The Solo Hacker's Guide To Clojure

4 February 2020

This is the starting point for a series of articles I'm currently writing. My target audience is people who want to use Clojure for side projects or new startups—i.e. I'm trying to help fellow solo hackers learn to bring new ideas to the MVP stage quickly. This involves different tradeoffs from learning Clojure with the intent to join an established team.

Syllabus

This will also be an opinionated guide which teaches how I personally do web development. Rather than give an overview of X, Y and Z, I'll say "use X" and include a footnote that compares X to other options. I want you to feel the leverage that can come from Clojure as soon as possible, without having to wade through the jungle first.

This guide is breadth-first. There are many components in the Clojure ecosystem, and my goal is to show you how to put them together, not necessarily to teach you how the individual components work (there's usually already good documentation for that). I'll sometimes give links to relevant resources, but I'd also advise you to search out other resources on your own as you have questions. At least you'll have an idea of which questions to ask. :slightly_smiling_face:

Along with this guide, I'll be developing a web application called Mystery Cows, a cow-themed version of the board game Clue. Most articles will have you follow this pattern:

  • Checkout a particular branch from the Mystery Cows repository. Run the code so you can see what the end result will look like.

  • Study and tinker with the code. Learn how it works on your own if you can.

  • With guidance from the article, add features to your own project that involve the things being taught.

(In fact, I'm hoping that the example code I write is more useful than the articles themselves.)

So you'll need to pick a web app to build yourself. If you need ideas, I think board games are great since they're easy to think of, they're interesting/they involve complex logic (not just CRUD), it's easy to be a genuine user yourself, you end up with something that's easy to show off, and you can go on to extend them with an AI if you like.

Feedback

As I write, I'll need feedback from people learning Clojure so I can prioritize what to revise. I also appreciate suggestions from experienced Clojurists. I've created #solo-hackers-guide on Clojurians Slack for this purpose. Email is good too.

Changelog

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  • 18 Feb 2020: Add Authentication. Revise Landing Pages: edit Bootstrap source directly instead of using Bootstrap Magic.

  • 11 Feb 2020: Add Landing Pages. Revise First Steps, including replacing trident.staticweb with Rum. Add Syllabus, Feedback and Changelog sections to this page. Also s/Crux/Datomic/ in the TODOs.

  • 4 Feb 2020: Add this page.

  • 23 Oct 2019: Add First Steps.

The course

1. Language fundamentals
  • First Steps
  • TODO: write my own "Why Clojure?" article
2. Frontend development

TODO write articles & examples for the following:

  • Set up ClojureScript with Shadow CLJS. Create a basic welcome page with Rum. Add CRUD operations, still using Firestore for persistence.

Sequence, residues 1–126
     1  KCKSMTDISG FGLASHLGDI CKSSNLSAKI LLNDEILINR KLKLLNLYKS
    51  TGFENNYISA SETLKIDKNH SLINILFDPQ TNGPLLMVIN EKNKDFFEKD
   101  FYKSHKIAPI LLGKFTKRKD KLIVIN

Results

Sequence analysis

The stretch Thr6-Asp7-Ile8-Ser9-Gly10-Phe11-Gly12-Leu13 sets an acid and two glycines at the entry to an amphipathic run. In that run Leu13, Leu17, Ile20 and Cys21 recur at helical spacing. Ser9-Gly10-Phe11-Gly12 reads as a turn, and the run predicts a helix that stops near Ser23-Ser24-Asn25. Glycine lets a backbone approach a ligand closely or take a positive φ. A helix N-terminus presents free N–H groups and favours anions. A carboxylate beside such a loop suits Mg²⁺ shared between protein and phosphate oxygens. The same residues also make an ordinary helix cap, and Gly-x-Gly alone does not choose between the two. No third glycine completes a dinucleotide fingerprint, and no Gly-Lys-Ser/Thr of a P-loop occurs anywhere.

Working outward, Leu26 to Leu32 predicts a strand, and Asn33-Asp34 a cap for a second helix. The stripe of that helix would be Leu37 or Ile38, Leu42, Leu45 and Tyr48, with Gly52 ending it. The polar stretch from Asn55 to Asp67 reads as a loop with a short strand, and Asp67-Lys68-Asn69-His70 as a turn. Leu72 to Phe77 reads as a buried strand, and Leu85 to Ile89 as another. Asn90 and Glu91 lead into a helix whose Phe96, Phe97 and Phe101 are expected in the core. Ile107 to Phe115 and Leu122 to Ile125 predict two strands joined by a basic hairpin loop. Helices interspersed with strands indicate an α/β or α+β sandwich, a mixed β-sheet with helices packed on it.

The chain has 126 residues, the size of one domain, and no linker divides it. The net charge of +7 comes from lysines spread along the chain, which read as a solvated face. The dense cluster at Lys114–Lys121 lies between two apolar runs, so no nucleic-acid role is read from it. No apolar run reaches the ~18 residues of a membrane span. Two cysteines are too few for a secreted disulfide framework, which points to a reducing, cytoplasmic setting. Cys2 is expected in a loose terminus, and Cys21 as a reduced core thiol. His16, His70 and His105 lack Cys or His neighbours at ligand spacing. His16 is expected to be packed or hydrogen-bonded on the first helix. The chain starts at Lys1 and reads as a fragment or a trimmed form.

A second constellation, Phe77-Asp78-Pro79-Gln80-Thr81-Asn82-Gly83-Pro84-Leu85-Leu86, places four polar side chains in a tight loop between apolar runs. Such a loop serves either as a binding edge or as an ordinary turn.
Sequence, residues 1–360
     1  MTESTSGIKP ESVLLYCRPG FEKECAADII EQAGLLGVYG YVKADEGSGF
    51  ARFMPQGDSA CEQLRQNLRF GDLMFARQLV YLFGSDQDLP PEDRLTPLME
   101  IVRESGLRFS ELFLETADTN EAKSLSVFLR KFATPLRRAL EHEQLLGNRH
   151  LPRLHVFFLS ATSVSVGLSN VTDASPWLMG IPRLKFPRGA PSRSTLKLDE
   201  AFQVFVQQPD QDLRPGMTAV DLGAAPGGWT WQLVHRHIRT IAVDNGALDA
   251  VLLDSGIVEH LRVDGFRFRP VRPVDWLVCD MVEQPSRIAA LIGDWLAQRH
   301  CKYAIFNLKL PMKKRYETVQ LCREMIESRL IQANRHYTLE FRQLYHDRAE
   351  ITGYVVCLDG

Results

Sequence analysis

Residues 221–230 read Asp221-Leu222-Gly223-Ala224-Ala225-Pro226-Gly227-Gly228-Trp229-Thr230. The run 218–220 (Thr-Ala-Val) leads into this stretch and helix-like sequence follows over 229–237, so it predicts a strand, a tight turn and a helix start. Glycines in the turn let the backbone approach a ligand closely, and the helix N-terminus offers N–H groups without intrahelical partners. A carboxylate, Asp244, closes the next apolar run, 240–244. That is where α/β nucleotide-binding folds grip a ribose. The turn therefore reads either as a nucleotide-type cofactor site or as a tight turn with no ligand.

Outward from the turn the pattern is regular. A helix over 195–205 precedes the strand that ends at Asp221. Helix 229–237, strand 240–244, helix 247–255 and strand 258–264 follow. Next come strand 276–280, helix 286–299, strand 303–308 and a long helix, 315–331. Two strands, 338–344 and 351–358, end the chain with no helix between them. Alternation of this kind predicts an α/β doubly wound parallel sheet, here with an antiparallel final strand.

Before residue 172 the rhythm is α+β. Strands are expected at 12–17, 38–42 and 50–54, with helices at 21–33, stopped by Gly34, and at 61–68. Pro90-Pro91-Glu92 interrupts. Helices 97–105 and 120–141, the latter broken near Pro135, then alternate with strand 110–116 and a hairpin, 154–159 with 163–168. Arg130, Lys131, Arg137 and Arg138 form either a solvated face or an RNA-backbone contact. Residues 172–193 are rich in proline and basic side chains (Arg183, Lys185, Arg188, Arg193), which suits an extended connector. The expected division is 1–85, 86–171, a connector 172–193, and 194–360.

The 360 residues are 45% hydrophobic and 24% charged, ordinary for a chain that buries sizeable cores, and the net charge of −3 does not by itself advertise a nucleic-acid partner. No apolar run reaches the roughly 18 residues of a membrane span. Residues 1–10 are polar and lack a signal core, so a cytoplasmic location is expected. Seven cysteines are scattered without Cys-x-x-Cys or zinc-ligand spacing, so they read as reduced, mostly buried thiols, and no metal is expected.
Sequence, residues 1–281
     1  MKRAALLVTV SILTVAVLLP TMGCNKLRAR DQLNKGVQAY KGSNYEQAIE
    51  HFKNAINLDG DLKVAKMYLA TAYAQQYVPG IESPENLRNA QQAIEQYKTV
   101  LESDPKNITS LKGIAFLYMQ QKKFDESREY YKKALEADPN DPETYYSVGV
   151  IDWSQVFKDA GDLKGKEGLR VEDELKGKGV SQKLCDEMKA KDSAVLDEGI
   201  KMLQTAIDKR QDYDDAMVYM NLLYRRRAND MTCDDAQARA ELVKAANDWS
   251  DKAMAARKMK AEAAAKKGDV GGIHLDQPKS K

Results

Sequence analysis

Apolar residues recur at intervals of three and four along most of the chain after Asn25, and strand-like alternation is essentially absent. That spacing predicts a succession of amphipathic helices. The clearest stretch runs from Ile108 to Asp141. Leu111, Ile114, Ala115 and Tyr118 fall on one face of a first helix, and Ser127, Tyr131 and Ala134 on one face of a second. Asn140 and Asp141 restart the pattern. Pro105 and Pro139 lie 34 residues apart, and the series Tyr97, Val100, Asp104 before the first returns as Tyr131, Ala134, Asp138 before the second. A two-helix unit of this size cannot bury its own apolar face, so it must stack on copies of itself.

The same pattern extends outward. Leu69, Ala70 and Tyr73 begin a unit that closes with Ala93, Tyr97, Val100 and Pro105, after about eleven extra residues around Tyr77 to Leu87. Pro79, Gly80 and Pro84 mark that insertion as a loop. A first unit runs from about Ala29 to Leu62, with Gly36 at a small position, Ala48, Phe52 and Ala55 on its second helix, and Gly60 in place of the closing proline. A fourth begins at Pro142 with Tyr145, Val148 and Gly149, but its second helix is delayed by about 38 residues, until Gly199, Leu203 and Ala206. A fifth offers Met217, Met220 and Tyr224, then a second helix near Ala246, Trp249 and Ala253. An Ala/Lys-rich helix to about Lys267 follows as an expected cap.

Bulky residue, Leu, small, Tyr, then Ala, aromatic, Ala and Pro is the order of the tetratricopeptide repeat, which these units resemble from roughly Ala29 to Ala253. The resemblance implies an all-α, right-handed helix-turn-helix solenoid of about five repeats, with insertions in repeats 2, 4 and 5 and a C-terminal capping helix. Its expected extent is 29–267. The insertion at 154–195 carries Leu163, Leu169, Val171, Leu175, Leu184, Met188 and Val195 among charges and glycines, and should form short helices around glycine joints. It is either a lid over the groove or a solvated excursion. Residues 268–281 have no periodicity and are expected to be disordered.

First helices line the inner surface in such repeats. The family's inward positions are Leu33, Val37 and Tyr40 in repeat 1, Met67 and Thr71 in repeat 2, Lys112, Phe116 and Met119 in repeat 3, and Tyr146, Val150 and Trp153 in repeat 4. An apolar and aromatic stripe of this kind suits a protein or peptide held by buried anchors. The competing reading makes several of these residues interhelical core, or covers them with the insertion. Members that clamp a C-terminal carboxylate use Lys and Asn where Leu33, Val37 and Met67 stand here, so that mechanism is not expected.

• Learn to make complex UIs with Rum, including routing and navigation.

  • Learn about normalization, derived values and effect isolation (i.e. state management) so you don't go insane later (insanity can be harmful to your velocity). Rejoice that you don't have to use a DI framework like I did while working at an Angular shop.

3. Backend development

TODO write articles & examples for the following:

  • Write Firebase Functions using ClojureScript. Learn when it makes sense to use Functions + Firestore and when it makes sense to move to a Clojure backend instead.

  • Set up a Clojure backend with DigitalOcean and Datomic. Probably Terraform as well, plus Nginx and Letsencrypt. Deploy with rsync (maybe Github Actions?). Set up logging and alerting (optionally, come back to this step later).

  • Set up communication between your frontend and backend. Add Ring middleware for authenticating Firebase tokens. Move your CRUD from Firestore to Datomic, using a rules system so you don't get a proliferation of endpoints. Use Firebase Storage (or maybe DigitalOcean Spaces?) for BLOB storage, with foreign keys stored in Datomic (and utility fns for making it look like everything's in Datomic).

  • Learn about system management with Integrant (or maybe just roll your own).

  • Use your editor-repl integration for testing and administration. Learn my own opinionated approach to testing, meant to give you reasonably high confidence in your code without having to spend much time writing tests.

  • Consume 3rd party APIs, including things like Oauth, caching and self-throttling. Set up cron jobs. Provide a pagination API for your frontend. Any other stuff I can think of that might be useful.

4. Miscellanea

TODO write articles & examples for the following:

  • "Library-driven development." Set up your own collection of utility libraries so you can easily abstract away code that isn't specific to your project. Besides letting you share code between projects and with other people, I think doing so makes it easier to hold the application code in your head.

  • Tooling. Set up an editor (probably Atom or VS Code, with a mention of Cursive) with plugins etc. Learn how to use it for Clojure development. Learn about tools.deps, Lein and Boot. (I'll include links to relevant sections in this article throughout the course).

  • Tooling for the enlightened: learn Vim and set it up for Clojure. For the really enlightened: use Dvorak instead of Qwerty (ok, just kidding, sorta).

  • Mobile app primer: create a basic app with CLJS + React Native.


There's more where that came from if you follow me on Findka.